France kicked off their World Cup campaign against Uruguay last night in Cape Town and could only manage a draw against the South Americans, despite having the advantage of playing against 10 men for the last 10 minutes.
So what did we learn from the contest? Let’s take a look...
Franck Ribery is a precocious talent, but he’s coming back from injury and it’s a mistake to rely on him to create something in the final third.
The winger did lay it on a plate for Sidney Govou in the opening minutes of the game, but after that he was largely stifled by the Uruguayan defence.
France won’t go far in the tournament if they expect Ribery to win them every game single-handedly.
Part of the reason the French are so reliant on Ribery to create something is because Govou is playing on the opposite flank. His scoring record isn’t great for his nation, and this showed when he stabbed an early chance wide of the target when it would have been easier to score.
His last international goal came in September 2008 as France lost 3-1 to Austria at home. This, coupled with Nicolas Anelka’s indifferent scoring record, means that it’s tough to see where the goals are coming from in this side.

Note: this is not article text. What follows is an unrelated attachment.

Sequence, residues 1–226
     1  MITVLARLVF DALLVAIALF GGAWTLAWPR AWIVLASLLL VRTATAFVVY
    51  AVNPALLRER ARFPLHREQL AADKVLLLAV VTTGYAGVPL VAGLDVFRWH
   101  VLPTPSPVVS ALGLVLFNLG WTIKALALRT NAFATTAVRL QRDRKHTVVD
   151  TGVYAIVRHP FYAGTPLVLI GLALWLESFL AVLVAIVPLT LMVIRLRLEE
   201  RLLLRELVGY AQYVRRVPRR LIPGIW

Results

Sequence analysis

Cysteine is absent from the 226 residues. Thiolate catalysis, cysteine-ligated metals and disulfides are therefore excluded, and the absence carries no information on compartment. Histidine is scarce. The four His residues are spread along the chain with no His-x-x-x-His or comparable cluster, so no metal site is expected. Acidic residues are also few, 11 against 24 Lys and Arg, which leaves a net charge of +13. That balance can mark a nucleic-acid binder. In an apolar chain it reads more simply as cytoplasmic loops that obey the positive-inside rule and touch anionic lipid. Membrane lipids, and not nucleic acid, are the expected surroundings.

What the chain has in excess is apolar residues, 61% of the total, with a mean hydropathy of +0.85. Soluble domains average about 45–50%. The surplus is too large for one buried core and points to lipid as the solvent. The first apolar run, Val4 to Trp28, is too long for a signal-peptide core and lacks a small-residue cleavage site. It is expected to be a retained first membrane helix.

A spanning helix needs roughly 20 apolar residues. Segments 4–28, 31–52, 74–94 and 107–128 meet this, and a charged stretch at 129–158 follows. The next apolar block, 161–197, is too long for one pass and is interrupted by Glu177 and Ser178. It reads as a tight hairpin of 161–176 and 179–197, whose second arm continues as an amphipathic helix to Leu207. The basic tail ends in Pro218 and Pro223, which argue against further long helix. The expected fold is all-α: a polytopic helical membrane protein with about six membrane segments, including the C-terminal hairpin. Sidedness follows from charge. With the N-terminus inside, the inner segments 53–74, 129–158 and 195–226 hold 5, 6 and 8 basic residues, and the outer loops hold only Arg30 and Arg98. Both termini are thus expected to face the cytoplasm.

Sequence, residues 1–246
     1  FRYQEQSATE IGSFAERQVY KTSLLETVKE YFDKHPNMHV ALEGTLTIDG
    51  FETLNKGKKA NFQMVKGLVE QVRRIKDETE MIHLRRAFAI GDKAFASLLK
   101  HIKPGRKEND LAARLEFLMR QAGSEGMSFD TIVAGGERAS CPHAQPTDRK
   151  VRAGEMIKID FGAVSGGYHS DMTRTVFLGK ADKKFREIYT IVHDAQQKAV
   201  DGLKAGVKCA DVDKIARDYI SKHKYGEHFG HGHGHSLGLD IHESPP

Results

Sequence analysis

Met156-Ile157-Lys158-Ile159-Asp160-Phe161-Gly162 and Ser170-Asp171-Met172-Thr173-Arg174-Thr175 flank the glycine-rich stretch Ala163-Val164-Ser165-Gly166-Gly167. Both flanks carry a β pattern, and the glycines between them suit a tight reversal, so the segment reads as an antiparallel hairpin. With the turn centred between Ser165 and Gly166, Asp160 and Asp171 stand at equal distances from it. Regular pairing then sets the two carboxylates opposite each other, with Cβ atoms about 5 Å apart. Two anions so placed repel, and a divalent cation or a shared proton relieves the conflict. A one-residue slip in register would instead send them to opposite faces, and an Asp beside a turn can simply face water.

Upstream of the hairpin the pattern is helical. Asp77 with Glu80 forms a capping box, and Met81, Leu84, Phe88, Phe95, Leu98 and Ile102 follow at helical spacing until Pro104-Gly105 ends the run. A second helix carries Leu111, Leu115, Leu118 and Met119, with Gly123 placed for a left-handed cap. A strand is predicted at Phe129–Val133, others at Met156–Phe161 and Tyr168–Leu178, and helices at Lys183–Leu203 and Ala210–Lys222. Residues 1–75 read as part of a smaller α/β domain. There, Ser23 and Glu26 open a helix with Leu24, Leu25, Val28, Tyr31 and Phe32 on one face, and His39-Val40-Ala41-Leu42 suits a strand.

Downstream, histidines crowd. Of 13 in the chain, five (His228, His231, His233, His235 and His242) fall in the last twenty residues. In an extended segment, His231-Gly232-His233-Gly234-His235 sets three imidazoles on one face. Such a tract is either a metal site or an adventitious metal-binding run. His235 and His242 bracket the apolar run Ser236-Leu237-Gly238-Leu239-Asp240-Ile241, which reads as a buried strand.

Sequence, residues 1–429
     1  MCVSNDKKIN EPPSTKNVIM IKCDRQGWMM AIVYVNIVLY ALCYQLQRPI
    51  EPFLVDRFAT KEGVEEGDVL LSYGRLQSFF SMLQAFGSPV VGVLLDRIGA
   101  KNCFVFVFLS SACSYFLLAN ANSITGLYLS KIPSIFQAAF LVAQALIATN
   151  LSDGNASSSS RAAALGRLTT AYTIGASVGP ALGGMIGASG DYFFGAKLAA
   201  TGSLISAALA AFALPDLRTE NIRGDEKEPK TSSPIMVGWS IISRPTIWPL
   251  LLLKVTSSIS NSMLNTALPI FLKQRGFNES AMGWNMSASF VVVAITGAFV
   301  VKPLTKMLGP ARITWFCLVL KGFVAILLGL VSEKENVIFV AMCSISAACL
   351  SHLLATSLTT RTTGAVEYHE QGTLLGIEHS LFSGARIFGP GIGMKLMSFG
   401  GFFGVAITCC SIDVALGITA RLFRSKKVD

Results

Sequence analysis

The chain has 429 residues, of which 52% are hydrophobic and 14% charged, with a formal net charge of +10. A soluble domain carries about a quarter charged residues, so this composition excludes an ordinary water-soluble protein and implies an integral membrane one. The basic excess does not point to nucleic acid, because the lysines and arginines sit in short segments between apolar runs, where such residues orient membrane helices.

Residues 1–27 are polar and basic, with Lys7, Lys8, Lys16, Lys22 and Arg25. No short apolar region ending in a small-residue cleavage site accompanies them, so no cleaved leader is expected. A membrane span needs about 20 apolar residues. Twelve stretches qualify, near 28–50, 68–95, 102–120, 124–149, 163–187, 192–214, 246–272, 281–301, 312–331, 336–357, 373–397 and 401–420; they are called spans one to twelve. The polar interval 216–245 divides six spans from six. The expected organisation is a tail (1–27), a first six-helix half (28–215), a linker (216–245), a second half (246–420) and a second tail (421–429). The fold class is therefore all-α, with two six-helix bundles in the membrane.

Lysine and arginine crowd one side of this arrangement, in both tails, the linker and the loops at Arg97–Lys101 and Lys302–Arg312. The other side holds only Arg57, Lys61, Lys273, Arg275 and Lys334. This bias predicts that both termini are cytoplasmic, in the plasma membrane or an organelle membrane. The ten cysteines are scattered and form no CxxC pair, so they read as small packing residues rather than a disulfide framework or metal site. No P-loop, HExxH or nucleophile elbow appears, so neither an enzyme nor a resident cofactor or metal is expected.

Florent Malouda was given a brief cameo at the end and he arguably demonstrated a greater threat than Govou did for the 80 minutes he had on the pitch.
Raymond’s Domenech’s frailties are well documented; suffice to say that the French coach did his reputation of being a complete buffoon no damage last night. Watching him make an array of odd hand gestures from the side lines would be funny if he wasn’t so pathetic.
The weakness in his squad selection told, he threw on Thierry Henry, Andre-Pierre Gignac and Malouda in search of a goal, when the game was crying out of the creativity and guile of a Samir Nasri...shame he’d left the canny midfielder at home.
Yoann Gourcuff had been talked up as the next great hope of French football but the 23-year-old’s performance against Uruguay left a lot to be desired. He let fly with a decent free-kick in the first half but all he seemed to offer was a few cute touches that didn’t really come off and a few average shots from distance.
For a player who is being mooted as a potential replacement for Cesc Fabregas at Arsenal, you’d expect a lot more from him.
Despite the criticism you can throw at the French, Uruguay deserve a few words of praise as well – for all the talk of their potent strike force before the tournament, they were surprisingly solid at the back. France have attackers with quality, yet they were neutralised for large chunks of the game.
They also have a slightly annoying tendency to go down under minimal contact, but they are South American after all.
People have been talking up Luis Alberto Suarez in the run up to this tournament after he scored 49 goals in 48 appearances for Ajax this season. While that is a hugely impressive record, there are other strikers who have achieved similar feats and failed to produce on the bigger stage,
Klass-Jan Huntelaar and Mateja Kezman (remember him?!) spring to mind. If you’re looking for goals from Uruguay, Diego Forlan is still the safest bet.